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UPDATED: April 28, 2009 NO. 17 APR. 30, 2009
Are There Limits to Self-Defense?



A Chinese court has ruled that a woman is not guilty of murder and acted in self-defense when she chased down robbers with her car before driving into them, leaving one dead and one injured.

Two robbers followed a woman surnamed Long from her parking one early morning last July in Shunde District of Foshan City, southern Guangdong Province. As Long waited for a traffic light on the road, they smashed her car window and snatched a handbag that contained more than 80,000 yuan ($11,720) in cash. The robbers then attempted to escape by jumping on a motorbike driven by a third accomplice who was waiting nearby. Long immediately gave chase.

The Foshan Intermediate People's Court ruled this March that although the robbers were trying to escape, they were still within sight of the victim, and thus the court considered the robbery was still in progress. They ruled that Long's chase and subsequent crashing into the motorcycle was a case of justifiable defense. The court also sentenced the two surviving robbers to 11-12 years' prison time plus fines.

The ruling has, however, sparked controversy. Most praised Long for her bravery, while others argued that violence should not be stopped using counter-violence. Long's supporters responded that perhaps she had merely wanted to recover her money, and never intended to hurt or even kill anyone.

Others asked how one defines the meaning of "justifiable defense." The establishment of justifiable defense is preconditioned by several technical factors, including when the process of crime ends and if the way that victims fight back for self-protection is reasonable and necessary. As far as this case is concerned, is knocking over the motorcycle the only way that Long could have prevented a further crime? If not, Long would face charges of excessive self-defense, because criminals enjoy the same rights of life and health other citizens do, and the punishment of robbery is not as severe as the death penalty.

Within her rights

Yang Zhizhu (www.southcn.com): The court said Long's acts were justified because the robbers' escape was part of the crime.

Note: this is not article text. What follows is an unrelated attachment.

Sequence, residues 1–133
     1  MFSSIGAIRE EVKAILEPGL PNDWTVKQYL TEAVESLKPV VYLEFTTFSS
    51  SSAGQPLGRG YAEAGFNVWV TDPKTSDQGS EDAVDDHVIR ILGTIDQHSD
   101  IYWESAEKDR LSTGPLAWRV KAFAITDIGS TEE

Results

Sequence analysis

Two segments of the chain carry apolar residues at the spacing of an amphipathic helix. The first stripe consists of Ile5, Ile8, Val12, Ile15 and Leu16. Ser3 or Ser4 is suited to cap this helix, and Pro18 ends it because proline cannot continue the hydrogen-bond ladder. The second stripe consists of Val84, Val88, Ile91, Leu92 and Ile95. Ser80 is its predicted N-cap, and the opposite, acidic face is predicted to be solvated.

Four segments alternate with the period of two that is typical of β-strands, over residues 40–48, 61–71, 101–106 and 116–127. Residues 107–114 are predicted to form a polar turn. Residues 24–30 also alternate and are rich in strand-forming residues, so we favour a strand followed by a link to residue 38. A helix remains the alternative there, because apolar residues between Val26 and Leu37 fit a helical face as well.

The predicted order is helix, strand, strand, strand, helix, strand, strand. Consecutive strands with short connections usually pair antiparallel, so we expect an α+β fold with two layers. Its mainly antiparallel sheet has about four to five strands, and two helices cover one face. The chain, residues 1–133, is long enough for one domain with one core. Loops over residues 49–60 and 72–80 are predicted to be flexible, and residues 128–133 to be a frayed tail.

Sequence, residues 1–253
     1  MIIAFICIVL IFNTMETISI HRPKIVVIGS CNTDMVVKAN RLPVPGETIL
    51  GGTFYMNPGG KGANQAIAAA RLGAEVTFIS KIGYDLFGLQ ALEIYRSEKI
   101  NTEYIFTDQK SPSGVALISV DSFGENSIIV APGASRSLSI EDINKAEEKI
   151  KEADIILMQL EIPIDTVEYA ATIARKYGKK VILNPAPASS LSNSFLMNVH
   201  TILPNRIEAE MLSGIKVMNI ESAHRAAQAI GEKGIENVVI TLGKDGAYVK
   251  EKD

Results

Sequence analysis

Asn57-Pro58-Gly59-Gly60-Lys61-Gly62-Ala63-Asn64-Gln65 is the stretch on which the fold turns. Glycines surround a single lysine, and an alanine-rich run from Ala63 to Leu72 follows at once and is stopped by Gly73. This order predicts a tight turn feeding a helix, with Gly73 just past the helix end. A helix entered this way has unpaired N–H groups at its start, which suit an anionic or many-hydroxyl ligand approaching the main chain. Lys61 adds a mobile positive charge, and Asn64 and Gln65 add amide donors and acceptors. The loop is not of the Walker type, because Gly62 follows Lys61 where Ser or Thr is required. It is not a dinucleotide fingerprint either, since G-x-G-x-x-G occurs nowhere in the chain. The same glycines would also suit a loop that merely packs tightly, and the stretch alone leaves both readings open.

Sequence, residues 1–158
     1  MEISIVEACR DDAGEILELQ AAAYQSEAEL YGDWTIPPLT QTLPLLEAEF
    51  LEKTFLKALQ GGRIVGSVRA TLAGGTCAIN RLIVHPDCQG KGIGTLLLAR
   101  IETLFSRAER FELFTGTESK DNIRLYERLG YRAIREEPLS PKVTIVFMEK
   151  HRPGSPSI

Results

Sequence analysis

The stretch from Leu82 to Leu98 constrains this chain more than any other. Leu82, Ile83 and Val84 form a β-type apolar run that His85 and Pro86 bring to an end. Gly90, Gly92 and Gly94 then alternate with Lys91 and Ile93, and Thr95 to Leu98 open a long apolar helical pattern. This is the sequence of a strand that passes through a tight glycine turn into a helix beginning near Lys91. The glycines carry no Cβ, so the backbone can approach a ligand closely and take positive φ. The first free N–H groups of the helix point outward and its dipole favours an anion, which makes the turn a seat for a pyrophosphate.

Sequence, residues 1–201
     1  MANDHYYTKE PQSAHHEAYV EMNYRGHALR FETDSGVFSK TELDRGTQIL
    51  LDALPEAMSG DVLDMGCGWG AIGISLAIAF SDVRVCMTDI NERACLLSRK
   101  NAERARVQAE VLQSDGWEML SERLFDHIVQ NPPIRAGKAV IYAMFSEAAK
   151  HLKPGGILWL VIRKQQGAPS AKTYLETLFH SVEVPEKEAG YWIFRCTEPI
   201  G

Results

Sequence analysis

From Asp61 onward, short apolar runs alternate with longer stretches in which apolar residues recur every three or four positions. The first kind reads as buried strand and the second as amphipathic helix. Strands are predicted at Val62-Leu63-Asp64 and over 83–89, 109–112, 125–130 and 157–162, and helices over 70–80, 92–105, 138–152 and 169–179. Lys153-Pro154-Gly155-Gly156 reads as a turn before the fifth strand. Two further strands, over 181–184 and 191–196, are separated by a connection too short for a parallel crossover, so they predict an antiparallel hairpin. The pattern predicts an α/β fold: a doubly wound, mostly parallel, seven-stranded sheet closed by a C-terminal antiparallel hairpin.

After crashing into the motorcycle, Long did not do any further harm against the injured robbers, but called the police. Therefore, her action of defense is justifiable and restrained. She wanted to stop the crime, instead of hurting anyone.

When victims have only one way to protect themselves or safeguard their rights, they should use it for justifiable defense.

If more victims are fearless like Long in fighting against criminals, they will not only safeguard their own lawful interests but also boost public order, which will help reduce crimes.

Yang Tao (www.jxcn.cn): If Long had a better way to stop this robbery, she would not have thought of chasing the robbers in her car to recover the money by herself. Long's case, one of justifiable self-defense, will be a major reference for similar cases in the province.

Cases of justifiable self-defense are, in fact common when state power and police protection cannot reach those in danger. But before the implementation of the revised Criminal Law in 1997, the definition of justifiable defense was not clear. Some victims were therefore prosecuted on charges of excessive defense. With victims afraid of being too aggressive in defending themselves, crimes were rampant. After the new Criminal Law took effect, the definition of justifiable defense is largely expanded, giving victims more rights to better defend their interests. According to the 1997 edition of the Criminal Law, an act to defend oneself against an ongoing assault, murder, robbery, rape, kidnapping and other crime of a violent nature that seriously endangers one's personal safety is a justifiable defense, and the victims involved shall not bear criminal liabilities when striking back.

Though there were calls that Long should be accused of an excessive defense due to the collateral damage, because she was attacked by robbers, she was clearly exempted from legal liabilities according to the law.

Liang Derong (Xinmin Evening News): It is obvious that to escape from the scene is part of the crime, during which victims are justified to take measures for self-defense. Robbery falls into the category of felony, which is heavily punished by criminal laws. Long's case sets a good example for other courts in ruling similar cases.

Excessive force

Zhang Junxing (www.cnhubei.com): To judge whether Long is justified or not, one must know what constitutes justifiable defense. The court, which sought a clarification of this, considered her pursuit of the robbers the only measure she could have taken to recover her money at that moment. But legal theories traditionally do not see criminals' escapes as part of crimes.

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